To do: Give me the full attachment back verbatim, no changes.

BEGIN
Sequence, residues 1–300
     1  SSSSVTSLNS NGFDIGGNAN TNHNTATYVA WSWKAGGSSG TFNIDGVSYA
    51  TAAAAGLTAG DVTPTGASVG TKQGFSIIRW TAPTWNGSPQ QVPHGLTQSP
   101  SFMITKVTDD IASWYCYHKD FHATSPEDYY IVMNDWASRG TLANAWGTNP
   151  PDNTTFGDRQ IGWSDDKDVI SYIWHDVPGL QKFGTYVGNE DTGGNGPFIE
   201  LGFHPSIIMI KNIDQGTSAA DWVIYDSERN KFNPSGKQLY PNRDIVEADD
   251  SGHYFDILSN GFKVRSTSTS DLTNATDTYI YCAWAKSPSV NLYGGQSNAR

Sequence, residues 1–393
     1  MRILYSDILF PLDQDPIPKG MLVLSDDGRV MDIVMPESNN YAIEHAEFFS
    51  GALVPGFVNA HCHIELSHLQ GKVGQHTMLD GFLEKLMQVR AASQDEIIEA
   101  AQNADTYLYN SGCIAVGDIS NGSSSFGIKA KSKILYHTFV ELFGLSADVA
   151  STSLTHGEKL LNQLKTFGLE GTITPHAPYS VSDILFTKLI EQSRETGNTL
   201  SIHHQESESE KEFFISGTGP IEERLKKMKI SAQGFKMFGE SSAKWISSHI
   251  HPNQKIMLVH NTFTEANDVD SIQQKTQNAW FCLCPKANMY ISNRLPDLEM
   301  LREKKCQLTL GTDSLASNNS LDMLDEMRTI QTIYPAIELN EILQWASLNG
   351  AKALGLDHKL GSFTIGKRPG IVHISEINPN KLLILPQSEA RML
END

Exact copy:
Sequence, residues 1–300
     1  SSSSVTSLNS NGFDIGGNAN TNHNTATYVA WSWKAGGSSG TFNIDGVSYA
    51  TAAAAGLTAG DVTPTGASVG TKQGFSIIRW TAPTWNGSPQ QVPHGLTQSP
   101  SFMITKVTDD IASWYCYHKD FHATSPEDYY IVMNDWASRG TLANAWGTNP
   151  PDNTTFGDRQ IGWSDDKDVI SYIWHDVPGL QKFGTYVGNE DTGGNGPFIE
   201  LGFHPSIIMI KNIDQGTSAA DWVIYDSERN KFNPSGKQLY PNRDIVEADD
   251  SGHYFDILSN GFKVRSTSTS DLTNATDTYI YCAWAKSPSV NLYGGQSNAR

Sequence, residues 1–393
     1  MRILYSDILF PLDQDPIPKG MLVLSDDGRV MDIVMPESNN YAIEHAEFFS
    51  GALVPGFVNA HCHIELSHLQ GKVGQHTMLD GFLEKLMQVR AASQDEIIEA
   101  AQNADTYLYN SGCIAVGDIS NGSSSFGIKA KSKILYHTFV ELFGLSADVA
   151  STSLTHGEKL LNQLKTFGLE GTITPHAPYS VSDILFTKLI EQSRETGNTL
   201  SIHHQESESE KEFFISGTGP IEERLKKMKI SAQGFKMFGE SSAKWISSHI
   251  HPNQKIMLVH NTFTEANDVD SIQQKTQNAW FCLCPKANMY ISNRLPDLEM
   301  LREKKCQLTL GTDSLASNNS LDMLDEMRTI QTIYPAIELN EILQWASLNG
   351  AKALGLDHKL GSFTIGKRPG IVHISEINPN KLLILPQSEA RML